In my experience, the church doesn’t encourage women to remain single. I’ve found most focus the majority of their ministries on supporting marriage and family. However, it does advise Christians to live in a way that’s often contrary to society’s norms. The most obvious example would be that of premarital sex. While, it’s a popular and accepted practice these days (so much so that even adolescents on Teen Nick are with child or visiting the clinic for STD vaccines), many Christians believe that sex should be saved for marriage.

How many single men wanna hear that (… or women, for that matter)?

I’ve also met women who won’t date divorced men because these sistahs don’t believe the Bible condones it. Then, there are the lifestyle differences. If a woman is giving the church 10% of her income, it’s probably best she marry a man who also participates in tithing. If she doesn’t drink alcohol or listen to secular music, these lifestyle choices based on her beliefs, will likely greatly decrease her dating pool.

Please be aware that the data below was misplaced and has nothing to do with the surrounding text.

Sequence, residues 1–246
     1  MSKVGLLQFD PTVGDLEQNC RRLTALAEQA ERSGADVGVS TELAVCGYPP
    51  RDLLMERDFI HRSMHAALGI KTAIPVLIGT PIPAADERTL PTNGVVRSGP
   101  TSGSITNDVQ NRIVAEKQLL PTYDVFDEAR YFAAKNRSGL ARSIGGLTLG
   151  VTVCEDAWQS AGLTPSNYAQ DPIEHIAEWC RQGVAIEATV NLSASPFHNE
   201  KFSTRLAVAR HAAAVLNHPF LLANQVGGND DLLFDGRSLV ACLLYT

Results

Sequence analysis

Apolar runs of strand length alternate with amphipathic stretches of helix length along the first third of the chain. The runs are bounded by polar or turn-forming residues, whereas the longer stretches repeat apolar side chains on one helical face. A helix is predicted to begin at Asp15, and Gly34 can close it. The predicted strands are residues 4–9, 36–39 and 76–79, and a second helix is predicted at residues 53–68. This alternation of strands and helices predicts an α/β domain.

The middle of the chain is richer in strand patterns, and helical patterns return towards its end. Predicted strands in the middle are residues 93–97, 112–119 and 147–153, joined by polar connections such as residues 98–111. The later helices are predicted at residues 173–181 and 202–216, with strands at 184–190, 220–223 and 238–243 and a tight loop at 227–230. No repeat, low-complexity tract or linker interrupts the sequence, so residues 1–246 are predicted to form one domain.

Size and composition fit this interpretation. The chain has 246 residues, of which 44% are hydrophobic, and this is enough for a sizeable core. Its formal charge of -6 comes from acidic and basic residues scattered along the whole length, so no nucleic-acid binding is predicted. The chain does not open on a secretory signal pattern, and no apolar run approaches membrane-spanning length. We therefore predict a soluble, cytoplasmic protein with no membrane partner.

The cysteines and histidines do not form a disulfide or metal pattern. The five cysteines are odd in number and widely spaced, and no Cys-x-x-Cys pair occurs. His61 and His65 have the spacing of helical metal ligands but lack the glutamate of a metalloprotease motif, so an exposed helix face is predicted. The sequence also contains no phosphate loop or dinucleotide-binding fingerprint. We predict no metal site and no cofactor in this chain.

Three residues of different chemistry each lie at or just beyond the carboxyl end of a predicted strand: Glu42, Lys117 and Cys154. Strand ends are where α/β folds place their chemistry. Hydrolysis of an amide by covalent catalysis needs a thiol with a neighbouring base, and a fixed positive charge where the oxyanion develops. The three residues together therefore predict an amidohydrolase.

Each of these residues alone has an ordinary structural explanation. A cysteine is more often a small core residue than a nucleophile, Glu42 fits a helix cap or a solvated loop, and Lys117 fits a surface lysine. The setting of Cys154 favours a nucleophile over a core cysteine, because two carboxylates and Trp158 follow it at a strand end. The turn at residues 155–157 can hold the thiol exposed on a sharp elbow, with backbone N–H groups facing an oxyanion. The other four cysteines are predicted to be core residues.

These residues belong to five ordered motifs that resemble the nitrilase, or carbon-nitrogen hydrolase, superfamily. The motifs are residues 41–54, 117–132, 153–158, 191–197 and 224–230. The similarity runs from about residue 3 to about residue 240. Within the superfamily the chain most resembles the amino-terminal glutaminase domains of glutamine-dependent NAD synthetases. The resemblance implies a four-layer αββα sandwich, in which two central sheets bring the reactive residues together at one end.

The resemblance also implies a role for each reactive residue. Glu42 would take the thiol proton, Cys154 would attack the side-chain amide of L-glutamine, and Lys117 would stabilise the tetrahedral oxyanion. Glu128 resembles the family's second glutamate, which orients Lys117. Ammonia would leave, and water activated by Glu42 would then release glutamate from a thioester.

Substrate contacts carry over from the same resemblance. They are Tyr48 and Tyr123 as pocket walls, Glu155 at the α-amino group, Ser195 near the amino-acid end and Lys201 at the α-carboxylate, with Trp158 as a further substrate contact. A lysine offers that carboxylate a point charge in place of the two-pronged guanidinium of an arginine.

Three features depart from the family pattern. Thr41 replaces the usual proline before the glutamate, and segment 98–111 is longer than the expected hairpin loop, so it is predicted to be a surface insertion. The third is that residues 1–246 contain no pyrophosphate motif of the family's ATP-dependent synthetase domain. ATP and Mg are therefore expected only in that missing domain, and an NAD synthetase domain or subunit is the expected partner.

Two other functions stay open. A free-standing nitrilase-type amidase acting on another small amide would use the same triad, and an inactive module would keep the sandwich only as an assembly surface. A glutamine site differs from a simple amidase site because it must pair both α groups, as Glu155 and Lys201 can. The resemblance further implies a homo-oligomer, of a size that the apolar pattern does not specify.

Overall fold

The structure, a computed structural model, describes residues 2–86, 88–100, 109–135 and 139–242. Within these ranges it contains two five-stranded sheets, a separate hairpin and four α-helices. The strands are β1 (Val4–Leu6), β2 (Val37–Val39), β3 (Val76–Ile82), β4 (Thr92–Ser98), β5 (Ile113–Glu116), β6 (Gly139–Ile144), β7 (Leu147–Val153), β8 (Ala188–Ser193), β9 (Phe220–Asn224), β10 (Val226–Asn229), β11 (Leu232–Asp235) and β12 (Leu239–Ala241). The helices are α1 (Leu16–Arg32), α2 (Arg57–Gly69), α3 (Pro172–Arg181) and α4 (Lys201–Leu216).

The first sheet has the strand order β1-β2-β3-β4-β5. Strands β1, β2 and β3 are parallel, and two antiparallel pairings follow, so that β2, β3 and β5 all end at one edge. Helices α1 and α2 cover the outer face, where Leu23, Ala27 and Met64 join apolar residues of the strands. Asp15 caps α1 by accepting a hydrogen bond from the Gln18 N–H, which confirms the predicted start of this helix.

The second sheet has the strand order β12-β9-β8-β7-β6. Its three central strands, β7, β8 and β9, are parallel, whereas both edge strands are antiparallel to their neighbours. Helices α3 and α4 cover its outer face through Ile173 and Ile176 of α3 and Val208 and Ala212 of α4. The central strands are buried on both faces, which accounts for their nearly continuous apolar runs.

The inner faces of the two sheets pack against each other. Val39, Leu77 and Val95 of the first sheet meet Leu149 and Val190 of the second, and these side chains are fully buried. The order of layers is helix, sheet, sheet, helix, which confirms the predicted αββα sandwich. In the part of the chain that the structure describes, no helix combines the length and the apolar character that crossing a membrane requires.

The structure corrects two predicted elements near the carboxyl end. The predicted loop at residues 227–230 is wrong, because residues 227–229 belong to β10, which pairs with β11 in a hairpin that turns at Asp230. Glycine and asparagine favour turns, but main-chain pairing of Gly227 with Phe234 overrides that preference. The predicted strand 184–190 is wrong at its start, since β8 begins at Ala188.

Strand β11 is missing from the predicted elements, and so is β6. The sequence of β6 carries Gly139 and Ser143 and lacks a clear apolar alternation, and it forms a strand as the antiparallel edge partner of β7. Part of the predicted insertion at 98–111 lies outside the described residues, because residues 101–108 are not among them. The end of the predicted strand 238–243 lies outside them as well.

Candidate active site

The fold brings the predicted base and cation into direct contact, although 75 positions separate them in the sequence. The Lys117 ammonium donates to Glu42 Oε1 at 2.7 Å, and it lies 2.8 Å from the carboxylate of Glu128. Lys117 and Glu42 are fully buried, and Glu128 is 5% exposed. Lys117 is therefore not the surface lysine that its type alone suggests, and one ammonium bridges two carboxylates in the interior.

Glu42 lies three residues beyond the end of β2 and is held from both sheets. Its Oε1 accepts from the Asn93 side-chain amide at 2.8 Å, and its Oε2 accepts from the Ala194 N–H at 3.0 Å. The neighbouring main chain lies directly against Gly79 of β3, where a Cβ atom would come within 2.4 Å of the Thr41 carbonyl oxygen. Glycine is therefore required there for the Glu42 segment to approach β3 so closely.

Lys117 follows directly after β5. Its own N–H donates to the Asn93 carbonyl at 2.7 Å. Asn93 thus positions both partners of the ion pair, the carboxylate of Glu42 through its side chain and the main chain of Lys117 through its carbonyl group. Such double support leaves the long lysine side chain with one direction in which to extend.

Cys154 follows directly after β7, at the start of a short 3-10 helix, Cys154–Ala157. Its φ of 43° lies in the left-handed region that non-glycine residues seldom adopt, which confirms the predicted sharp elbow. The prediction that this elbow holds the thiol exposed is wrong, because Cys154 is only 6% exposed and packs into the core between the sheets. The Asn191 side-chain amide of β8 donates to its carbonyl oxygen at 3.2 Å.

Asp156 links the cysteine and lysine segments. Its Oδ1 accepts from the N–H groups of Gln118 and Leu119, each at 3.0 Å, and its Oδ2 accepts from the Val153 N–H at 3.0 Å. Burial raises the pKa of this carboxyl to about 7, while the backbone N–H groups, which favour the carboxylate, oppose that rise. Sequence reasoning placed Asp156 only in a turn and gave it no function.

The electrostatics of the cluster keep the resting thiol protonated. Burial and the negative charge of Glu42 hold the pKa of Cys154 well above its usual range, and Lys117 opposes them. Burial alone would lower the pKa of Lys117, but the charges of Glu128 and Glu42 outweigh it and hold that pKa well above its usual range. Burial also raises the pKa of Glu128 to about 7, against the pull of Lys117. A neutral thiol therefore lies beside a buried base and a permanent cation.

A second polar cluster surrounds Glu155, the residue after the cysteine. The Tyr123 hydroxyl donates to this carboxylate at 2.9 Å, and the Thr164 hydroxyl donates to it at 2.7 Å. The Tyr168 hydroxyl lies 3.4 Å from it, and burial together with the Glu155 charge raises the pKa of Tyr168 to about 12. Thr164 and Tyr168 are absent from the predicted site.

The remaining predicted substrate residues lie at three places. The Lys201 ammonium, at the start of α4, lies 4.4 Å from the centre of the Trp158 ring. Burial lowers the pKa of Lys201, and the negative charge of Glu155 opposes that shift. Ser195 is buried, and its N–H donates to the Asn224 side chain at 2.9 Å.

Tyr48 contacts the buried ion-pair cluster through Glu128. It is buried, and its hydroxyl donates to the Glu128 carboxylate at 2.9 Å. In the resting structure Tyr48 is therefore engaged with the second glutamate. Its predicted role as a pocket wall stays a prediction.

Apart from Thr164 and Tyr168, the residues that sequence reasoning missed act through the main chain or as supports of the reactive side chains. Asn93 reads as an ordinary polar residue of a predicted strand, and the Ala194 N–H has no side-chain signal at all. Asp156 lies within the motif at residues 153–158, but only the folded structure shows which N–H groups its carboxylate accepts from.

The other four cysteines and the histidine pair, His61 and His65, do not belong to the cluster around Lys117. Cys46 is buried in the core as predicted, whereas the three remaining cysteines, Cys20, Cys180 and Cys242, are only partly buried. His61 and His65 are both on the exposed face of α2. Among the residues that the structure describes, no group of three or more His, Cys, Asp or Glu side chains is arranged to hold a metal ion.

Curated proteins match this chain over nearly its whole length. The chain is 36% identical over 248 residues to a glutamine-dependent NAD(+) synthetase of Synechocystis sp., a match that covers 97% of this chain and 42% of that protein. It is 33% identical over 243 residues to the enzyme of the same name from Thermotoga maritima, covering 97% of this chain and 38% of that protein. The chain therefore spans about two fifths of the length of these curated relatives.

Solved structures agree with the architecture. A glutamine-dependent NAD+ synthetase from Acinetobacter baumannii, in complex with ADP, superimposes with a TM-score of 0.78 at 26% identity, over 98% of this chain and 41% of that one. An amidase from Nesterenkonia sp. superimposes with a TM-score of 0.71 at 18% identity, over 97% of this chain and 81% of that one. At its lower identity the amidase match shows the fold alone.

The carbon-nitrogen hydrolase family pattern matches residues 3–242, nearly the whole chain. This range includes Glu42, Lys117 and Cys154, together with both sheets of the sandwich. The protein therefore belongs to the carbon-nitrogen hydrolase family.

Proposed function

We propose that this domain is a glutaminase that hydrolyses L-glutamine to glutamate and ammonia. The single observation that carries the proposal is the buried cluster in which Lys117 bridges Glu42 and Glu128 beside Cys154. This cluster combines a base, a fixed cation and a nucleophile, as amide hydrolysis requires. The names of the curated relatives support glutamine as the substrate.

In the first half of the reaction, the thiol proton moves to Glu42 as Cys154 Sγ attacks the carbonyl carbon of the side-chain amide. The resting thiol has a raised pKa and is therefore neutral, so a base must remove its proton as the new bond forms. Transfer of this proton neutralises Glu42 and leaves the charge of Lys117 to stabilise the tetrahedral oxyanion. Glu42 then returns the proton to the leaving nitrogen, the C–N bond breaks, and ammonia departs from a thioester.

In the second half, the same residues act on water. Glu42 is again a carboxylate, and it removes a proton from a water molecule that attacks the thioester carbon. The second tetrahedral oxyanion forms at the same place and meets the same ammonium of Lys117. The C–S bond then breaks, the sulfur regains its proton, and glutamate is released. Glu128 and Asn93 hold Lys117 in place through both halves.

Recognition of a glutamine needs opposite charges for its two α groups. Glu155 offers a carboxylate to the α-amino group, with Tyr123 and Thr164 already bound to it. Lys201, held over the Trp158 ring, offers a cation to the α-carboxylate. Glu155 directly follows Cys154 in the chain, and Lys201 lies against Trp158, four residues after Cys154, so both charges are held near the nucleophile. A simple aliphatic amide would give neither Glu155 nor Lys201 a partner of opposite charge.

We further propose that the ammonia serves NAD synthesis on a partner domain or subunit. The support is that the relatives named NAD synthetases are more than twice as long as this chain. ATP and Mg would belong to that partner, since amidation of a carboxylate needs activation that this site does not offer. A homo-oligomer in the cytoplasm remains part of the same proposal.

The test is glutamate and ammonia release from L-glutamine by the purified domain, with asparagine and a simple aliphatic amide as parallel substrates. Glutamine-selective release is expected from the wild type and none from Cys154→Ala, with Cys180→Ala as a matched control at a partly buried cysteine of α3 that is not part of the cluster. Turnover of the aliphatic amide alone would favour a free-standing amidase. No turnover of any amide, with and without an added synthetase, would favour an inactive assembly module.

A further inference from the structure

So, a Christian SIS may have certain standards that others, who have no spiritual expectations for their partners, might not have. The same goes for members of any religious faith.

While it may be true that one’s preference for a partner of a specific faith may limit her dating options, this SIS doesn’t think that the problem is with any particular belief system or religious institution.

It’s just another thing that helps determine when you’ve met “the one.” It’s something else you’ll share with your partner that indicates he might be Mr. Right.

August 2010